I caught a swarm today. It was small - perhaps about the size of an orange once it had clustered. It was stuck to the side of the building where my out-apiary is. I suppose that it came from one of my hives.
I boxed the swarm this afternoon and then moved it to the roof this evening.
The swarm is surely too small to survive the winter so I'm considering adding it to hive H, which is has too few bees.
EDIT 12/08/2017 - this colony of bees had absconded from Hive H.
Last night I went to visit my out apiary. As I was pottering around I received a phone call. It's hard to answer when your phone is inside a bee suit.
The call was from the same people who had given me the colony in Hive E. I'd given them some honey and asked for them to call when the feral colony swarmed.
I arrived to find a football sized cluster on their apple tree. They say it's the first swarm of the season - prime swarm.
Today I caught the swarm which has been hanging next to my out apiary. It happened unexpectedly.
I had been worrying about whether the swarm would settle on the tree and then become a nuisance. The urge to build comb can be very strong so that the bees sometimes build in a place where they can't possibly survive. I saw this late last year when I attempted to recover an established colony which had exposed comb on an apple tree. They had been extensively robbed which must have aggravated the colony.
There is a swarm near my out-apiary which may have come from my hives. I tried to retrieve it this early morning.
I think that these bees have ceased to behave like a swarm and will settle on the tree. They didn't move yesterday when the weather was good. It's due to be showery again today.
I went back to the swarm this morning at 0430hrs. It's about 8m from the ground, on a tree immediately outside the building where my apiary is sited. The thought struck me that I might get it down with some fishing line and a spoon.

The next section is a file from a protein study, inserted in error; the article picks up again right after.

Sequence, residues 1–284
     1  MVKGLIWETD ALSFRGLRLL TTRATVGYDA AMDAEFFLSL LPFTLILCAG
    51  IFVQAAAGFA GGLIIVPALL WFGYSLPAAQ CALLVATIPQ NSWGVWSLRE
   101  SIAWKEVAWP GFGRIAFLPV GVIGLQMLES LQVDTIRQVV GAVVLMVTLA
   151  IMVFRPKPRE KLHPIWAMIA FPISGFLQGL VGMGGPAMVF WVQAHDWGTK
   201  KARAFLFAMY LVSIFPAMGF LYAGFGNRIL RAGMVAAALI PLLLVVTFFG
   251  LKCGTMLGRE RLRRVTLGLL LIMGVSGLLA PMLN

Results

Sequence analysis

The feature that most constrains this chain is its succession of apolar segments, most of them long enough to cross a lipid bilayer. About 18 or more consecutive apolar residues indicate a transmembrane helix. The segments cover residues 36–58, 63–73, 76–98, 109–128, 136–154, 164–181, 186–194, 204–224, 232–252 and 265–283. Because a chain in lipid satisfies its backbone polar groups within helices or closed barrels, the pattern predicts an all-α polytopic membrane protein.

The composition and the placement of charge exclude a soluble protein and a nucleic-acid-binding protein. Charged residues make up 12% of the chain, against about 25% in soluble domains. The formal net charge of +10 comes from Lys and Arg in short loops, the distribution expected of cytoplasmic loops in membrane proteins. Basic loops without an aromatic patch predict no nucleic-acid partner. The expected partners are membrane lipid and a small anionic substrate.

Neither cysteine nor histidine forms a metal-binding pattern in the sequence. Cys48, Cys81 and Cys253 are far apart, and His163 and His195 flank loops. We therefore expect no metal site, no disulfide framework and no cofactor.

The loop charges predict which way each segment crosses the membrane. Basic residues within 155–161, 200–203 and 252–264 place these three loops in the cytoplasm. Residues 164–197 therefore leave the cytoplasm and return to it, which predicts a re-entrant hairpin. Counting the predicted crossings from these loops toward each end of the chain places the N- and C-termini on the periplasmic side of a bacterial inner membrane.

Yesterday I was called to my out-apiary because of a swarm. It had settled in a tree right in front of the building where my elevated hives are kept. The swarm was about 10m up the tree; the hives are at a height of about 20m. There was no way to reach the swarm.
I collected a new swarm today from Helen, another low intervention bee keeper who has a Top Bar Hive near the John Radcliffe Hospital. She had kindly caught them in a skep with a sheet under it. Collecting it was simple: tie up the sheet and carry it all away.
The colony from which it comes has been untreated for 2 years. Before that it was intensively managed by a keeper in Wolvercote.
I have placed it in my out-apiary in a new Commercial brood box: Hive F. I'm using frames without foundation, with only the lolly stick guides.
I was called today to collect a late swarm from Barton. The woman who called me says that it is the 5th swarm this season to leave a nearby feral colony.
The feral colony is living in an air brick in a house about 30m from the apple tree where the swarm was clustered. The swarm emerged on Friday. Today is Tuesday. She'd expected them to disperse but there they were.
Collection was simple. Shake them from a branch at head height into a nucleus box. Leave for 5-10 minutes. Thank everyone and remove.
I was called a second time to Risinghurst by Judith who gave me my first swarm to collect. The same feral colony had cast a second swarm.
This new swarm was in the neighbour's hedge. Again it was at a low height and very easy to collect. This time I made no mistakes collecting it and then tipped it into the brood box of the hive.
From getting the call to being back at my desk took 2hrs 15mins. Not bad for a swarm catch.